Managing India’s food and beverages Inflation


    In News

    • India needs to focus on cereal and milk inflation, both of which have high weights in CPI.

    About the Inflation

    • Responsibility & objective:
      • In India, the RBI is entrusted with the responsibility of devising monetary policy with the primary objective of maintaining price stability while keeping in mind the objective of growth.
    • About Inflation:
      • Maintaining the inflation level:
        • The central bank is supposed to target a 4% retail inflation level, although the RBI has the leeway of inflation going up to 6% or falling to 2% in any particular month. 
        • Some degree of inflation is desirable as it promotes economic activity.
      • Relation of growth & inflation:
        • Typically when an economy experiences fast economic growth — that is, there is a lot of demand in the economy — prices rise.
      • Drivers of Inflation:
        • Demand-pull Inflation: 
          • Increases in prices due to the gap between the demand (higher) and supply (lower).
        • Cost-push Inflation: 
          • Higher prices of goods and services due to increased cost of production.
        • Exchange Rates: 
          • Exposure to foreign markets is based on the dollar value. Fluctuations in the exchange rate have an impact on the rate of inflation.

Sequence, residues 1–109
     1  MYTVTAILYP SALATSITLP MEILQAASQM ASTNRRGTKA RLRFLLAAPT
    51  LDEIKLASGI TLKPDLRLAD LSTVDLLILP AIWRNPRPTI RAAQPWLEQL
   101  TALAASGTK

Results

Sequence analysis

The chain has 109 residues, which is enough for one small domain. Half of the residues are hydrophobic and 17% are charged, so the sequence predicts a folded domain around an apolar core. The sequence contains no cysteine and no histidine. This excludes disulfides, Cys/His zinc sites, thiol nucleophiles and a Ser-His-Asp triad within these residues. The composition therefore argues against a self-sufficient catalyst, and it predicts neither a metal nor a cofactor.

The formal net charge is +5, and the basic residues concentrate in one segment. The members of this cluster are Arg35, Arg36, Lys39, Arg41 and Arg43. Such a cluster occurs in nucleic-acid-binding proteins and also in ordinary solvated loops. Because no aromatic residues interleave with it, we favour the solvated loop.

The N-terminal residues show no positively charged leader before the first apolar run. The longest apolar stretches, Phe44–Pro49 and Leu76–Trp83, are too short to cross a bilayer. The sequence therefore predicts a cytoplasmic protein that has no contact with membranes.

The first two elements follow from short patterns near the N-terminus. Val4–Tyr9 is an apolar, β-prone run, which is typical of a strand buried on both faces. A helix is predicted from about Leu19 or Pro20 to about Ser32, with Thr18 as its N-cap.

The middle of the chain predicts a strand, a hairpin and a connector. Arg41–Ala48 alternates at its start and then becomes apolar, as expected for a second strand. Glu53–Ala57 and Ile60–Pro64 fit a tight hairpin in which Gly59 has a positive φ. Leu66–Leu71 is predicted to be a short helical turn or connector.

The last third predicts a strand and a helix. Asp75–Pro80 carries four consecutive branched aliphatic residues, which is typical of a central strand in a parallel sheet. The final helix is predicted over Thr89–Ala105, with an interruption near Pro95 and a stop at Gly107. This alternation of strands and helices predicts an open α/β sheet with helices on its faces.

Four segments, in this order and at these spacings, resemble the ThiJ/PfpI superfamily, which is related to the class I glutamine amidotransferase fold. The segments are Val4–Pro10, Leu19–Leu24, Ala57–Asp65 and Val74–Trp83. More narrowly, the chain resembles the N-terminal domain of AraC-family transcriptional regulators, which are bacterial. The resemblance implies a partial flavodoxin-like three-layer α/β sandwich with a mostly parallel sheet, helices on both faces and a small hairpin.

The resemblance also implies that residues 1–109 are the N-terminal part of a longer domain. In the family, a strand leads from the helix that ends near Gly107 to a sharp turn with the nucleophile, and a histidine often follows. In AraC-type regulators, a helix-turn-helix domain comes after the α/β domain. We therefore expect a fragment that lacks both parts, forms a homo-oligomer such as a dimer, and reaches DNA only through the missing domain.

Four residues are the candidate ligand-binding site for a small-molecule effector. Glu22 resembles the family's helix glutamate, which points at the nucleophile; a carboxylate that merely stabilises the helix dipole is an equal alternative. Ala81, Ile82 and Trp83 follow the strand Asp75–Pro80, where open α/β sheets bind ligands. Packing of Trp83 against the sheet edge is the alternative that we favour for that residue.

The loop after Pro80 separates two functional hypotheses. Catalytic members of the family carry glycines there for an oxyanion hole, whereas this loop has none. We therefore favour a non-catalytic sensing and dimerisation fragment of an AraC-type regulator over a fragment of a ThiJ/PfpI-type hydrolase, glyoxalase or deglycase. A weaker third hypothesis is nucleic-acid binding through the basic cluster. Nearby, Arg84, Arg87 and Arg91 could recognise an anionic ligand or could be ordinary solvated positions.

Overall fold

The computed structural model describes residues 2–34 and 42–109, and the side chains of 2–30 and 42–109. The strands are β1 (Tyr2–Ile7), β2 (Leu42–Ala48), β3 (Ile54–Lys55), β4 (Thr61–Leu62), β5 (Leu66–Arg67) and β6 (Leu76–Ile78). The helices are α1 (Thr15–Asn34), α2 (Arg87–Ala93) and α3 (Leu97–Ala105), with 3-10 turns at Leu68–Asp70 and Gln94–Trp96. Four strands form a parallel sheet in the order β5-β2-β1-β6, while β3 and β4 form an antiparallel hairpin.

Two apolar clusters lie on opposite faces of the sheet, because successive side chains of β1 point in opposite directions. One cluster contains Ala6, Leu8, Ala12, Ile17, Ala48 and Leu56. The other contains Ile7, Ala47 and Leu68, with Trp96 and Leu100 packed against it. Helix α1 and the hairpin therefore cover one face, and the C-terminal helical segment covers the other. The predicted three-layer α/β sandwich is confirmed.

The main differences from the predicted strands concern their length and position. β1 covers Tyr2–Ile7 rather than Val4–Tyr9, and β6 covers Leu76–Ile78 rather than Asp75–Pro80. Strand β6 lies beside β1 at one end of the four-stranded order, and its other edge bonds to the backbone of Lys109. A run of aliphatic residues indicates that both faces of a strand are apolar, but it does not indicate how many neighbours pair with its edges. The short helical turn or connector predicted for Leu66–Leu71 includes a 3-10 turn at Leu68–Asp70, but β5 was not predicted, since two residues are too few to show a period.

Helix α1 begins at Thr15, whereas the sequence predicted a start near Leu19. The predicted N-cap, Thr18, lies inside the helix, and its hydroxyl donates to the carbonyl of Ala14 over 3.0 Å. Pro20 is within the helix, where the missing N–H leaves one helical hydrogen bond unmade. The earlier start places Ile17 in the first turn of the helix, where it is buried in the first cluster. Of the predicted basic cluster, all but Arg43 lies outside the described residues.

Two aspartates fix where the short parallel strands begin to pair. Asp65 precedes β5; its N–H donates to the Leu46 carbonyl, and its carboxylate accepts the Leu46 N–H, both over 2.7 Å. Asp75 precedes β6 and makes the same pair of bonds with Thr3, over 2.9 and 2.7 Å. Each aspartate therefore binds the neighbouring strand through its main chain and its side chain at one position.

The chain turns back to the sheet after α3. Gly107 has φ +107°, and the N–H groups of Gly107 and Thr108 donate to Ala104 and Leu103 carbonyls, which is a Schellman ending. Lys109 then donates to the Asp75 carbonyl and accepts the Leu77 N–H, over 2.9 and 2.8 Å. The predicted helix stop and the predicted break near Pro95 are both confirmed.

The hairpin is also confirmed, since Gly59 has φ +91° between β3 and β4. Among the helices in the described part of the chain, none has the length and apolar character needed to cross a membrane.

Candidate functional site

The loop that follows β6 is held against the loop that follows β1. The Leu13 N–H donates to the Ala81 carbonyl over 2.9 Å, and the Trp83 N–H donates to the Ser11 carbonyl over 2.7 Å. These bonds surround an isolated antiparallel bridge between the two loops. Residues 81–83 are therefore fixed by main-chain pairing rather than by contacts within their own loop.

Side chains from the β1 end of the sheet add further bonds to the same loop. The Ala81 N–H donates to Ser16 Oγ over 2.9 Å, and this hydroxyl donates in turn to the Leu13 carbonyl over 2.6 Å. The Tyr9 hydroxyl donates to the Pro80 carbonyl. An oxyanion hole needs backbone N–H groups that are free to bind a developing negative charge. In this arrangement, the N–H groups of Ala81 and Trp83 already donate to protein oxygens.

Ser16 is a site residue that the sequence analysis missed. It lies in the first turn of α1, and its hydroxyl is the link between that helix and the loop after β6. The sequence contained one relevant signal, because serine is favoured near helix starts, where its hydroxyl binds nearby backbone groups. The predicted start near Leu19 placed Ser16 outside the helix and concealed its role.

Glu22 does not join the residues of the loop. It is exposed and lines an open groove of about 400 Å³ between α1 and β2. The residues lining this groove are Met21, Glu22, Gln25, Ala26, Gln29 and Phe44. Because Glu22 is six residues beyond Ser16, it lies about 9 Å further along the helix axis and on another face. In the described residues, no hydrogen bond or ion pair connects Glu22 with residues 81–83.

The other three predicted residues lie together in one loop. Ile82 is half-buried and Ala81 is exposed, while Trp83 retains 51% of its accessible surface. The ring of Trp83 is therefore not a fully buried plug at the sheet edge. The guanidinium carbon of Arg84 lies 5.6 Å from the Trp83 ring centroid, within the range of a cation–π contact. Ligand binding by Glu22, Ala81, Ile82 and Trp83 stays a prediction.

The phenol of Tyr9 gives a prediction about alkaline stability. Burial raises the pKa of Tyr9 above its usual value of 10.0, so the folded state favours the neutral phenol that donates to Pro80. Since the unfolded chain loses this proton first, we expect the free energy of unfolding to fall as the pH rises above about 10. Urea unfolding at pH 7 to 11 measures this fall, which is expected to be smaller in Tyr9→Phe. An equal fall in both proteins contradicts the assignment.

• Demand-supply gap: 
          • High demand and low production or supply of multiple commodities create a demand-supply gap, which leads to a hike in prices.
    • How is Inflation measured?
      • In India, inflation is primarily measured by two main indices — WPI (Wholesale Price Index) and CPI (Consumer Price Index), which measure wholesale and retail-level price changes, respectively. 
    • What are WPI and CPI inflation rates?
      • Consumer Price Index (CPI)
        • It is an index measuring retail inflation in the economy by collecting the change in prices of most common goods and services used by consumers.
        • CPI is also called a market basket, it is calculated for a fixed list of items including food, housing, apparel, transportation, electronics, medical care, education, etc.
        • The base Year for CPI is 2012.
      • The Wholesale Price Index(WPI):
        • The new series of Wholesale Price Index(WPI) with base 2011-12 is effective from April 2017.